Donald Davidoff is an industry thought leader and can be reached by emailing Donald@d2demand.com
(Warning: Don’t read this if you’re not interested in hearing a provocative point of view)
I was meeting with a client of mine who has communities in California, and they shared a letter they were sending their residents. The letter was informing residents that, while California had passed a recreational marijuana initiative, the law gave apartment owners the right to declare their property to be marijuana free. The letter went on to inform residents that this company was exercising that right and that any use of marijuana in their apartments would be a violation of their lease and could result in eviction.
As a resident of Colorado (one of the earliest states to approve recreational use in homes) and a demand management modeler, this got me thinking. I wasn’t surprised that my client exercised their right; in fact, I expect that virtually all professionally managed communities will do or have done so already.
But is that really the right business answer? Perhaps the continued disconnect between these state laws and federal laws makes it the right answer. Perhaps there are indirect liabilities I’m not fully aware of (though not a lawyer, I would struggle to understand how liabilities surrounding marijuana would be any different than what already exists with alcohol consumption)? Or perhaps there are legitimate concerns related to managing issues like the potential for, shall we say earthy, aromas to permeate a building and annoy other residents (more on that later)?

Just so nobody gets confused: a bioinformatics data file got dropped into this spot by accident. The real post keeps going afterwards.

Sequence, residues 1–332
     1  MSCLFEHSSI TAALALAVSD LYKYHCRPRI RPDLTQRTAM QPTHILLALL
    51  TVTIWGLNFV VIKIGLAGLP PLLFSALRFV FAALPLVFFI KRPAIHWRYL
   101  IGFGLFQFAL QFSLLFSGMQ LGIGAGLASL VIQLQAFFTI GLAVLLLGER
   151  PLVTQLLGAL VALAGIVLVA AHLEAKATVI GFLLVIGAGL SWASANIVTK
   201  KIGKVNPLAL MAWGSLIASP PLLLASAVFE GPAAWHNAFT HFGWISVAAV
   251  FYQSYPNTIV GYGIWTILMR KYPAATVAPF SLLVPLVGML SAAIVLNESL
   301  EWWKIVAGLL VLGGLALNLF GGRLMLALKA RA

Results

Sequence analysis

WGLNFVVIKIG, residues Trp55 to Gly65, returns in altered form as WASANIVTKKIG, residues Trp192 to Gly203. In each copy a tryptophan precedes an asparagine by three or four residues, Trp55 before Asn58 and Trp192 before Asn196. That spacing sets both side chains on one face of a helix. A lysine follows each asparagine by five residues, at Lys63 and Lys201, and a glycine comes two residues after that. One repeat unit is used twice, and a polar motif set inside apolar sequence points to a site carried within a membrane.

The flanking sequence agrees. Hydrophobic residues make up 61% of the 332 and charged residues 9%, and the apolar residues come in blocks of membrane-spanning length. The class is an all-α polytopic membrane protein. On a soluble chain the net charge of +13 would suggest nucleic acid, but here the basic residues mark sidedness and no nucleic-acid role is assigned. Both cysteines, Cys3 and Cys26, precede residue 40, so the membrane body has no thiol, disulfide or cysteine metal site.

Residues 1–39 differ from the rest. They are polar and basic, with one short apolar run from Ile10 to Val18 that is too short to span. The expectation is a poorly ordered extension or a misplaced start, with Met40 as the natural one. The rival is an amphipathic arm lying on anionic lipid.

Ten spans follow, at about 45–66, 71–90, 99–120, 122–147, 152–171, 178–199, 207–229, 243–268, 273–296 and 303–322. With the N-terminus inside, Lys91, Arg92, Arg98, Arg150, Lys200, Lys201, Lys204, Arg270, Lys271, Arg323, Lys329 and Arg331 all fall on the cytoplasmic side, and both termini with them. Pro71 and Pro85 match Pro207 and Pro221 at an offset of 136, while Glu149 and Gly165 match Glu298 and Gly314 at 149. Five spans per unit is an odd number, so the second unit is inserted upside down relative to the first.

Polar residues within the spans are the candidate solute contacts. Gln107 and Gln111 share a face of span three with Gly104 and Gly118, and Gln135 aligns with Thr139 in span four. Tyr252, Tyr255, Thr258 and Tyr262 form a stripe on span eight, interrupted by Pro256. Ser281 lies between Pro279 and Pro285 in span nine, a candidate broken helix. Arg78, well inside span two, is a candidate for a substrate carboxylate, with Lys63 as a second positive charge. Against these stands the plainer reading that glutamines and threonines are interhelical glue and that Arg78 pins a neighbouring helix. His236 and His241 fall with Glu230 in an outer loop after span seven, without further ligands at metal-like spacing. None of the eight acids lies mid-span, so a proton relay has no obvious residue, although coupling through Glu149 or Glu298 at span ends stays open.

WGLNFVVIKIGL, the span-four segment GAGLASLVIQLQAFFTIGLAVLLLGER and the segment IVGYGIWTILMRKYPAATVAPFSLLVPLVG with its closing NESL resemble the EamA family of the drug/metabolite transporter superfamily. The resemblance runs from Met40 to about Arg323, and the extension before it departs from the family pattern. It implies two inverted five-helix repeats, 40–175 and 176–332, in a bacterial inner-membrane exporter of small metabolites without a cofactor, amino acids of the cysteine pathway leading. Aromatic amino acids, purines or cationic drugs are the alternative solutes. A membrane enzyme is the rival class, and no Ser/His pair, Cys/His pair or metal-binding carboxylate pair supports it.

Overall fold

All of which reminded me of pets and the late 1990s. Those of you in the industry long enough may remember that few mainstream operators allowed pets (excluding fish and maybe birds). There were legitimate concerns: noise, increased wear and tear on the unit and common area issues like damage to landscaping and owners not responsibly picking up pets’ solid waste.
I remember that the company I was with at the time was one of the earlier operators to introduce pet friendly policies (with accompanying pet rent). I was particularly convinced of the validity of our policy when I visited one of our communities. Archstone South Market was right on the edge of San Francisco’s financial district and attracted many professionals in its resident base. As I toured, I noticed a lot of pets. It seemed as if half the residents or more were walking a dog.
I asked the community manager about this, and she told me we were the only community in or near the financial district that accepted pets. In fact, our competitors would refer prospects with pets to us because their company policies (at the time) forbade pets. Imagine that, I thought…by allowing pets (while getting paid for it), we had turned our comps into one of our better sources of leads!
Of course, today virtually everyone accepts pets for at least part of their community (if not all). So the competitive advantage no longer exists; but it was sure nice while it lasted!
Which brings me to the title of this blog. Could marijuana be an opportunity, like pets, for innovative, early adopters to have a meaningful point of differentiation versus their comps? Sure, there are issues; but there were issues with pets that got solved. Maybe, for example, we start with allowing recreational use limited to a single building (in a garden community) or a single wing (in a high-rise community)? Analogous to pet rent (or for that matter south facing units), we could put a premium on those units and thus get paid for this. As a demand management modeler, I love the idea of this as a possible premium rent segment (just like pet owners); and it doesn’t even have to be as explicit a charge since a unit amenity rolls into the overall rent.
I’m sure there are other logistical and/or legal concerns to work out. That’s beyond the scope of this initial blog on the subject. My point is that some enterprising operator is going to take the new law and find opportunity in it rather than the easy, somewhat knee-jerk reaction of simply keeping the rules the same as they have always been. What will you do?
By Donald Davidoff.